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Are You Blogging for the Wrong Reasons?

With blogging being so trendy these days, you may feel tempted to enter the blogosphere to fit in. While this may be a very effective choice for you, you may be going about it the wrong way. You may think that you’re helping yourself, but you could actually be hurting yourself. Nobody wants to invest in an excess of time and energy into something that’s headed straight off of a cliff, and that could be the direction you’re taking your blog to.

If you’re very intent on blogging, make sure you’re doing it for the right reasons and manage it effectively or else it’s useless to you and the audience you have created it for. Take a look at these three very big no-nos. Address some of these common mistakes, and make sure you’re not caught red-handed.

1 – Are You Talking TO Your Readers, or AT Them?

You may think a blog is a great way to get your message out there, and it most definitely is. Readers will turn to your blog for information, in some cases.

If you’re only blogging to send information out into cyberspace, you’re doomed for failure. If your end of the blog seems distant and indifferent, you’re not going to be able to hold on to your readers for very long (provided you ever obtain any).  The right way to handle this involves a lot more commitment on your part.

If the purpose of your blog is only to inform viewers, your audiences are not going to care unless you’re willing to interact with them and answer their questions and address their concerns. If your audience wanted to read a text book, they’d read a text book. They’re turning to a blog because they want the social door to be open for a two-way interaction. If that door is closed, your blog will be soon enough.

When someone reads a blog, they expect to have a certain sort of basic relationship with the writer. If you’re just firing off posts, you might as well be a robot in the eyes of those people.


2 – Is Your Platform Really Appropriate?

If you’re starting a blog to be a valued authority on something, whether the blog is based around your general opinions or your expertise on a specific subject, you need to have proper credentials.

If you don’t, you’ll come across as very obnoxious and arrogant. Most people will determine your posts to be very self-important. If you’re the one who decided that your knowledge is important, it probably isn’t as important as you think it is. The internet will be quick to call you out on this.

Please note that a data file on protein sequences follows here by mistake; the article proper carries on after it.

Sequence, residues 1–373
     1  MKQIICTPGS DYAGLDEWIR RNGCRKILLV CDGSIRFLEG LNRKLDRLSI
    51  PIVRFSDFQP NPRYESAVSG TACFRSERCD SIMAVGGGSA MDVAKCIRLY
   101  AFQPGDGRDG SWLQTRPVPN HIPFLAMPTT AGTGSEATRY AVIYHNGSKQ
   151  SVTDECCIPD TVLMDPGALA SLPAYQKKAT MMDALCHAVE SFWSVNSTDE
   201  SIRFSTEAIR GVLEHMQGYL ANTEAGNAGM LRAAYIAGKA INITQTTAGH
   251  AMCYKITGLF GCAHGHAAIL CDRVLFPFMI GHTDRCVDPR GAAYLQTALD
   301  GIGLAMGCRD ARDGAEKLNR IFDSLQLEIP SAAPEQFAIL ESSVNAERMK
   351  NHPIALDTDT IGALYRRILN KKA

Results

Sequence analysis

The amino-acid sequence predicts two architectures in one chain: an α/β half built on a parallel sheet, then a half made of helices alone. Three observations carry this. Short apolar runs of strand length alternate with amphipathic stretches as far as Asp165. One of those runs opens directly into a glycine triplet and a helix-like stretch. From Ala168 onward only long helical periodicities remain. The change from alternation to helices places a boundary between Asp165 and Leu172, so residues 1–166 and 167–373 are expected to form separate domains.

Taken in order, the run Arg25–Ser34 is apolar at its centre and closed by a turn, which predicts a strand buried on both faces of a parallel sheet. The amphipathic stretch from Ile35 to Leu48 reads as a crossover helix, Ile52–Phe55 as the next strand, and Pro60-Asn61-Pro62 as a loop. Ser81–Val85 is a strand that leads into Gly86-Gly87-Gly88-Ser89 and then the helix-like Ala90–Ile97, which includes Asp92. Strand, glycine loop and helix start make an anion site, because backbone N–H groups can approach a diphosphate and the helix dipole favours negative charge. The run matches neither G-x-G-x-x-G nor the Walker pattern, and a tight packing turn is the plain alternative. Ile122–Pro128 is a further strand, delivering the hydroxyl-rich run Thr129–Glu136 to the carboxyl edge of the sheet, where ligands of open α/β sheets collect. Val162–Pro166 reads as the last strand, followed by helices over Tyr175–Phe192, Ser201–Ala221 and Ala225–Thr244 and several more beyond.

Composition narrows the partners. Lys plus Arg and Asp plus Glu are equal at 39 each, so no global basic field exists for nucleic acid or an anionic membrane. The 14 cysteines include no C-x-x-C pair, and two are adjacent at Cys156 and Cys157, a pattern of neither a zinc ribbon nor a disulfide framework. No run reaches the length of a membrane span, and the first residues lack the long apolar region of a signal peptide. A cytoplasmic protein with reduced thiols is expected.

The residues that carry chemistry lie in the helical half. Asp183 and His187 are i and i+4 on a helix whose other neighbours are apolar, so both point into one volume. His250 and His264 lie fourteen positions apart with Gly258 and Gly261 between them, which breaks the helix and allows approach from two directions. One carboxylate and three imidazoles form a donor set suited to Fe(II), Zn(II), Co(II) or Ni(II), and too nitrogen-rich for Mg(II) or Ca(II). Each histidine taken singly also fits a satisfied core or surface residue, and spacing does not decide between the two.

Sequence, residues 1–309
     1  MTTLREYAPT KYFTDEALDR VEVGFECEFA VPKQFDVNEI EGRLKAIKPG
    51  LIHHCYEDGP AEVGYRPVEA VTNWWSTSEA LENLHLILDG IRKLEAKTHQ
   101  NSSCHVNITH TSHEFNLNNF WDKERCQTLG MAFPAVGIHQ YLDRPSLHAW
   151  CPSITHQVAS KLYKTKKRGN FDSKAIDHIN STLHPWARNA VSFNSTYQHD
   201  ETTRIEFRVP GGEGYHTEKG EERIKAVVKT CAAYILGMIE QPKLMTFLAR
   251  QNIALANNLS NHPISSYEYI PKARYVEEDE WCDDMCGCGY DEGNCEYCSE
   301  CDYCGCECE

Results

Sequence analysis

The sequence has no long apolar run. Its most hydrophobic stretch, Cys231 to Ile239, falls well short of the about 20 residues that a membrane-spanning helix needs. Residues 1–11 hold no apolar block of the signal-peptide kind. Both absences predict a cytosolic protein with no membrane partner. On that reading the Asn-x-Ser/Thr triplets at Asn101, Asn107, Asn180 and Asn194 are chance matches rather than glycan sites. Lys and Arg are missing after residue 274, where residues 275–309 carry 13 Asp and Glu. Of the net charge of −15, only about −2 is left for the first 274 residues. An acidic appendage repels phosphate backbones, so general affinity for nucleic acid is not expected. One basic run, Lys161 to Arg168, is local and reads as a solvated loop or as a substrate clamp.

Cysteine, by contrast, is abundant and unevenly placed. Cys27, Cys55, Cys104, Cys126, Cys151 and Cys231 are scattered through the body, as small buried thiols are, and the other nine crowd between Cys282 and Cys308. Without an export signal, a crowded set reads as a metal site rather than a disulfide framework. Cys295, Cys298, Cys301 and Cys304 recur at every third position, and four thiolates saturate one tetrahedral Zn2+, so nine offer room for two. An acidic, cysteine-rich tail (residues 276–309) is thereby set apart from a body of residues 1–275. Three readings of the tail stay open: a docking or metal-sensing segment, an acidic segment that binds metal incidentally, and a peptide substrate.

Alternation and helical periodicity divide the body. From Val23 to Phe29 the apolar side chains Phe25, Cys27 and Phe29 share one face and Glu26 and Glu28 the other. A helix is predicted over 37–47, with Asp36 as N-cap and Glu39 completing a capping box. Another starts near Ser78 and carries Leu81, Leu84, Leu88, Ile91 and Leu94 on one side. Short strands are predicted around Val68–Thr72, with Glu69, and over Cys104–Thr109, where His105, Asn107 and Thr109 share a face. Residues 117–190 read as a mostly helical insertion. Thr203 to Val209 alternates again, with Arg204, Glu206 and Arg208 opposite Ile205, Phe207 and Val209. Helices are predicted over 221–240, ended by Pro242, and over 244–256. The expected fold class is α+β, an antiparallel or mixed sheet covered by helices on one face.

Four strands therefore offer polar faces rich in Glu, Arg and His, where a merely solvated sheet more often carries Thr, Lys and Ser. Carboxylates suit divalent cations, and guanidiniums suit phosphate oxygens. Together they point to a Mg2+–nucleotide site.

Make a name for yourself in the area you intend to blog in before you begin blogging there. You don’t become credible through a blog; you should be credible before a blog. Use a blog to promote your business in a realistic way, not to hype it up. People will know the difference, and they will have no qualms about informing you that they do. It can damage your personal image as well as the image of your business or organization irreparably. Don’t overreach your skill set.

3 – Is This A Competition?

If you started a blog with one of its main intentions being to compete with a similar blog, it isn’t going to work for you. There are some major adjustments you need to make in order for your blog to have any chance at thriving.

If your competitor’s blog has been active for an extended period of time and has gathered a substantial amount of followers, it is apparent that they have cemented their position and reputation. If you create a similar blog, your intentions will become clear to everyone. No one is inclined to accept an imitation if they’re already happy with the original.

Instead of competing, focus on contrasting. Focus on what makes your blog different from the other person’s blog. Use unique and new concepts that will engage your viewers, instead of making them feel like you want them to choose a side.

Pay a lot of attention to the aspects that make your blog different from similar blogs. Look at the feedback left by readers of other similar blogs, and see what they like and don’t like about them. Plan your blog posts with their opinions in mind.

No one will read your blog if they can’t find a reason to feel as though they’re benefiting from your content. If they feel like they’re getting the same content somewhere else, they’re going to stick to the source they were previously using.


Author Bio:
Written by Andrew Scherer. You can find more of his work at a provider of SEO in Orlando

I am an employee by profession but a blogger by passion. In my free time I love to write about SEO and blogging.

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